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United States Department of Agriculture

Agricultural Research Service

Research Project: ECOLOGY AND MANAGEMENT OF GRASSHOPPERS AND OTHER INSECT PESTS IN THE NORTHERN GREAT PLAINS

Location: Pest Management Research Unit

Title: Spillover of functionally important organisms between managed and natural habitats

Authors
item Blitzer, Elanor -
item Dorman, Carsten -
item Holzschuh, Andrea -
item Klein, Alexandra-Maria -
item Rand, Tatyana
item Tscharntke, Teja -

Submitted to: Agriculture, Ecosystems and Environment
Publication Type: Peer Reviewed Journal
Publication Acceptance Date: September 19, 2011
Publication Date: January 1, 2012
Repository URL: http://handle.nal.usda.gov/10113/53947
Citation: Blitzer, E.J., Dorman, C.F., Holzschuh, A., Klein, A., Rand, T.A., Tscharntke, T. 2012. Spillover of functionally important organisms between managed and natural habitats. Agriculture, Ecosystems and Environment. 146: 34-43.

Interpretive Summary: Agricultural expansion and intensification has led to a mosaic landscape which juxtaposes human-managed and natural areas. In such human-dominated and heterogeneous landscapes the movement or “spillover” of organisms across habitat types may be an important ecological process structuring ecological communities. While there is much evidence for spillover from natural habitats to managed areas, little attention has been given to flow in the opposite direction. Here we synthesized studies from five functionally important trophic groups, pollinators, seed dispersers, pathogens, herbivores, and predators, and found evidence for spillover from managed to natural systems in all five groups. We argue that this effect has been underestimated in the past. The largest number of studies documenting spillover from managed to natural systems report pathogen and vertebrate predator spillover, with a smaller number reporting spillover of pollinators and herbivores. We conclude that in the ecology and conservation literature the valuation of mutual influences between managed systems and natural habitat is largely biased towards positive effects of natural areas (e.g. as sources of important biological control agents or pollinators), and negative effects of managed areas (e.g., human subsidized predators causing increased rates of nest predation in adjacent natural areas). In contrast, in agronomy, the negative effects of natural habitats (e.g. insect pest and pathogen spillover from natural habitats into agricultural systems) have been well documented. As habitat modification progresses, resulting in increasingly fragmented landscapes, the likelihood and size of any spillover effects will only increase. Timely empirical studies are needed in each focal group as well as across disciplines to fully understand the cumulative effects of this phenomenon on natural communities.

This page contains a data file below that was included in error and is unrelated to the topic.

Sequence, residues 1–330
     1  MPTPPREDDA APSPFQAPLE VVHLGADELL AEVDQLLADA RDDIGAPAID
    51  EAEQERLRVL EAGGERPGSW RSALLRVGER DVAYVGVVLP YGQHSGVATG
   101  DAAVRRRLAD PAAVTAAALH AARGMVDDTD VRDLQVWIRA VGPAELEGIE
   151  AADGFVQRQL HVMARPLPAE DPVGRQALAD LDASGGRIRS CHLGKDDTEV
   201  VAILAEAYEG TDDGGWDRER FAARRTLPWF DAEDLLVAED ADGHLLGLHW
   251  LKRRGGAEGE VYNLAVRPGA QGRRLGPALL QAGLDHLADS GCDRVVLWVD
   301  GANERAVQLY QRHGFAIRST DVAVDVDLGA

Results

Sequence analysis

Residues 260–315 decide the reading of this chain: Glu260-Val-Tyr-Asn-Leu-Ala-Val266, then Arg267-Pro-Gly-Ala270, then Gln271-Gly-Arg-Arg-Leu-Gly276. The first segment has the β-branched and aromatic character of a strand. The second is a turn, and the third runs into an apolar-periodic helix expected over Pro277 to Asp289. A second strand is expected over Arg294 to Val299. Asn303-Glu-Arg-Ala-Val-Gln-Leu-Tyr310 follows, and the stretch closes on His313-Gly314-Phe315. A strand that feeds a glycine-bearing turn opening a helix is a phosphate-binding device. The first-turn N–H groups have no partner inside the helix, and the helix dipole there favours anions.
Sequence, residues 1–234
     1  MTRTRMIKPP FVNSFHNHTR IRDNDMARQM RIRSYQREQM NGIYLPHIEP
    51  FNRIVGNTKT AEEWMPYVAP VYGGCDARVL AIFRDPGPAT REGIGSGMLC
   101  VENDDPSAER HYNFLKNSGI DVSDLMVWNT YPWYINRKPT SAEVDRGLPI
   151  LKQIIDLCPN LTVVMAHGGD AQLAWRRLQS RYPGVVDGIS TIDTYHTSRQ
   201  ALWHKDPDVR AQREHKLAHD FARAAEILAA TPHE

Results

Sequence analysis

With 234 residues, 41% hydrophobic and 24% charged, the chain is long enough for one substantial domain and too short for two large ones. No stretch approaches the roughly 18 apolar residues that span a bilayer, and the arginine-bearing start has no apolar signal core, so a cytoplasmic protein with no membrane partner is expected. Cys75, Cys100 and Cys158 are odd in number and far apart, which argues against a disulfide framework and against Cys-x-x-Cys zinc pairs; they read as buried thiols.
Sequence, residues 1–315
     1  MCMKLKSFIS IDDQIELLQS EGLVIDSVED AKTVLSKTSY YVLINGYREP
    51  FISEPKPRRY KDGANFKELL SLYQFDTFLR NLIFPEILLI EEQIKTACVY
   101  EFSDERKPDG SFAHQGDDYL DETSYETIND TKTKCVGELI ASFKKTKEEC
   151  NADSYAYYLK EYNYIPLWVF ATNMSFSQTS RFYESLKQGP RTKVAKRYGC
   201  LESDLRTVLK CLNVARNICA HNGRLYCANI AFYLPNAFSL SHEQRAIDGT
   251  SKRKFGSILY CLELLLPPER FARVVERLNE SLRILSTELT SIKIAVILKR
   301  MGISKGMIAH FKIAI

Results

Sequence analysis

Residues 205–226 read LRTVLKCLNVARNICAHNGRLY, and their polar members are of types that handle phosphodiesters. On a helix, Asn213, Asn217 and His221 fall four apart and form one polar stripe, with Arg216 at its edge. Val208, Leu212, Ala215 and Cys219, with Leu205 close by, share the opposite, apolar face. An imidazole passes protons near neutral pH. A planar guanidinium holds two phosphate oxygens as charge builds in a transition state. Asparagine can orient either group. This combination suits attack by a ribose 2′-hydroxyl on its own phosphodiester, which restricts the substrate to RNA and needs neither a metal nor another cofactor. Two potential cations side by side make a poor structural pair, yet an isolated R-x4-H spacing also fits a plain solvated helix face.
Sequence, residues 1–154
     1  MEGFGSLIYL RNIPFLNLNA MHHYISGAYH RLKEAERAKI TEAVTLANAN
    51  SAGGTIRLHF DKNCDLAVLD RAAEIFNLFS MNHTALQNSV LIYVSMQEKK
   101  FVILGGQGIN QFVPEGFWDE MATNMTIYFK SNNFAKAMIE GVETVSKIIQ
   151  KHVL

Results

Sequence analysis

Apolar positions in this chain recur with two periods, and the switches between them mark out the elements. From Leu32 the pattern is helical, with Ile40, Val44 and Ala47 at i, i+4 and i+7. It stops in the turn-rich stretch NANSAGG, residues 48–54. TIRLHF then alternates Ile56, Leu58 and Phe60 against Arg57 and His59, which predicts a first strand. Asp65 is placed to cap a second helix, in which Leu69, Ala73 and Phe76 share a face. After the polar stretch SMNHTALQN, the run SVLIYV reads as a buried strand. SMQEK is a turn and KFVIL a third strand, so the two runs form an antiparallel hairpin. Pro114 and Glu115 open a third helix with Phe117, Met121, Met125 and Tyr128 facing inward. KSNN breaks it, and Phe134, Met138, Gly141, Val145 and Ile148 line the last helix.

Technical Abstract: Land use intensification has led to a mosaic landscape which juxtaposes human-managed and natural areas. In such human-dominated and heterogeneous landscapes spillover across habitat types, especially in systems which differ in resource availability, may be an important ecological process structuring communities. While there is much evidence for spillover from natural habitats to managed areas, little attention has been given to flow in the opposite direction. Here we synthesize studies from five functionally important trophic groups, pollinators, seed dispersers, pathogens, herbivores, and predators, and found evidence for spillover from managed to natural systems in all five groups. We argue that this effect has been underestimated in the past. The largest number of studies documenting spillover from managed to natural systems report pathogen and vertebrate predator spillover, with a smaller number reporting spillover of pollinators and herbivores. We conclude that in the ecology and conservation literature the valuation of mutual influences between managed systems and natural habitat is largely biased towards positive effects of natural areas, and negative effects of managed areas, whereas in agronomy, pest spillover from natural habitats has been well documented. As habitat modification progresses, resulting in increasingly fragmented landscapes, the likelihood and size of any spillover effect will only increase. Timely empirical studies are needed in each focal group as well as across disciplines to fully understand the effects of this phenomenon on natural communities.

Last Modified: 9/20/2014